One particular message to the agriculture industry was simple: You want Gov. Jerry Brown to be a friend or an enemy the rest of his term?
Friends will support his climate change legislation, it was made clear.
To business leaders: This legislation provides tax and regulatory breaks that you've long sought. Grab them now or forget it.
To agriculture and business: You don't like this cap-and-trade program? Wait until you see what replaces it if it's not extended.
Brown's hardball messages, his willingness to compromise and personal dealings with lawmakers were persuasive enough for him to win arguably his biggest legislative victory as governor.
It was a model of how to finesse controversial bills through a Legislature. And it stood in stark contrast to the bumbling we've been watching in the White House and Congress, most notably the failed, humiliating efforts on healthcare.
Negotiating disputed legislation when a supermajority vote is needed takes persistence, a willingness to give and the knowledge of when to draw the line. Cajoling and coercion.
Neither the left nor the right can get everything they want. Preachers can demand purity, but it's a losing cause for politicians. Purity isn't possible in a legislative brawl.
One example: Pope Francis is a climate change purist. Cap and trade is bad, in his mind. "In no way does it allow for the radical change which circumstances require" to slow global warming, he wrote in 2015. "Rather, it may simply become a ploy which permits maintaining the excessive consumption of some countries and sectors."
But Francis doesn't have a vote in the Legislature. And neither do enough environmental purists to have their way.
The merits of Brown's cap-and-trade legislation are not the point here. Many Republican conservatives complain that it's just another tax hike on consumers. Democratic liberals grouse about a giveaway to big oil. Supporters — the vast majority of legislators — proudly proclaim that California is showing the world how to save the planet.
All that is irrelevant to the point. The point is that we just witnessed how complex, contentious legislation is passed — how politicians can avoid gridlock, do something and not just whine.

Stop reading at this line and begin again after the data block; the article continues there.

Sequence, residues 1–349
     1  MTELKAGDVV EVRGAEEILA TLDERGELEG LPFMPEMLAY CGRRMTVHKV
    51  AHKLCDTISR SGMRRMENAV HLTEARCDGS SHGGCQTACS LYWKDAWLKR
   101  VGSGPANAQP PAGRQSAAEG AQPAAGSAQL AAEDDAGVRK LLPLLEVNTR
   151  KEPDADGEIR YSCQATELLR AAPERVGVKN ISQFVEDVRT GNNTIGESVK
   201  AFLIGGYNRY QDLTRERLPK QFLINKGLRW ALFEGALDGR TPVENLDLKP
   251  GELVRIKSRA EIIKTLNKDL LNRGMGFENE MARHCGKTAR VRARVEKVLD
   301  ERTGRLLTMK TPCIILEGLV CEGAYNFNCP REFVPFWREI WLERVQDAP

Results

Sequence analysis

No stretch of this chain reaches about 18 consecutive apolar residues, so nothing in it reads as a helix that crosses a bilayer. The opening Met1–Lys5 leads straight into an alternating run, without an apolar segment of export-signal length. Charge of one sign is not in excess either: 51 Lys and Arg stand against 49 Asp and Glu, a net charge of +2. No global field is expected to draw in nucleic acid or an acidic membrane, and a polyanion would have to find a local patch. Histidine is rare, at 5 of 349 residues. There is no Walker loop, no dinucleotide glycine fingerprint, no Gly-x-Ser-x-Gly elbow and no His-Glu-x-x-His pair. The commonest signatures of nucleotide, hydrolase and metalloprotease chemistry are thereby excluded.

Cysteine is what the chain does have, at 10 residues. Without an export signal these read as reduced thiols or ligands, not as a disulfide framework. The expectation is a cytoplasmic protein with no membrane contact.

Perhaps part of the credit should go to two political reforms that California voters approved several years ago and are starting to have a moderating affect on legislators.
One reform was the elimination of partisan gerrymandering of legislative districts. The other was the open primary that allows voters to choose any candidate, regardless of party. Unfortunately, partisan redistricting and closed primaries still dominate most of the nation's congressional districts.
The cap-and-trade legislation extends California's climate change program until 2030. It was slated to expire in 2020. A cap is imposed on an industry's greenhouse gas emissions. But companies can buy extra permits to pollute from the state or private parties. The caps are gradually lowered and emissions, theoretically, are reduced.
The dilemma for polluters is that Brown and the Legislature last year set a new target of reducing greenhouse gas emissions by 40% under 1990 levels. The target is supposed to be reached by 2030. The old target was the 1990 level by 2020, and it has already been almost achieved.
The "trade" feature provides polluters with options and flexibility they wouldn't have if the state just set a "cap."
Cap and trade, said Assembly Republican Leader Chad Mayes of Yucca Valley, is "better than Soviet-style command and control. Markets are better than the government coercing people into doing things they don't want to do."
Mayes and six other Assembly Republicans supported the legislation, but 18 opposed it. So it could cost Mayes his minority leadership position, which isn't worth much anyway. The GOP is relevant in Sacramento only when a supermajority vote is needed, such as with cap and trade.
The state Chamber of Commerce and other business interests strongly supported Brown's legislation for the same reasons Mayes did.
Much of agriculture also backed it. Brown and his negotiators reminded ag interests that they produce a lot of dirty air in the San Joaquin Valley — methane from dairy cows, pollution from food processing — and are going to need to clean it up in the future. They'll be looking for state help, principally money, maybe cap-and-trade bucks.
"You can make a friend of the governor or an enemy of the governor," they were told, according to one insider. "Don't shoot yourselves in the foot. You're going to want the governor to look favorably on you in the next year or two."
Republican Assemblyman Devon Mathis of Visalia, whose district is dominated by agriculture, said he didn't like cap and trade but the alternative was worse.
"All of agriculture is saying we need this," he told me.
Brown sweetened the deal for many rural legislators by scuttling a hated fire prevention fee that hits 800,000 landowners.
For business, he extended a manufacturers sales tax break until 2030, eliminated a sales tax on renewable energy equipment purchased by power companies and limited regulation of oil refineries.
The wheeling-dealing governor also backed a separate bill to help poor communities clean up their air. And he supported a proposed constitutional amendment that would require a supermajority legislative vote in 2024 to reestablish spending of cap-and-trade revenue. That could jeopardize funding for his bullet train, if it's still chugging along.
Given political realities, it seems a pretty good compromise — and a guideline for success that should be studied in the White House.
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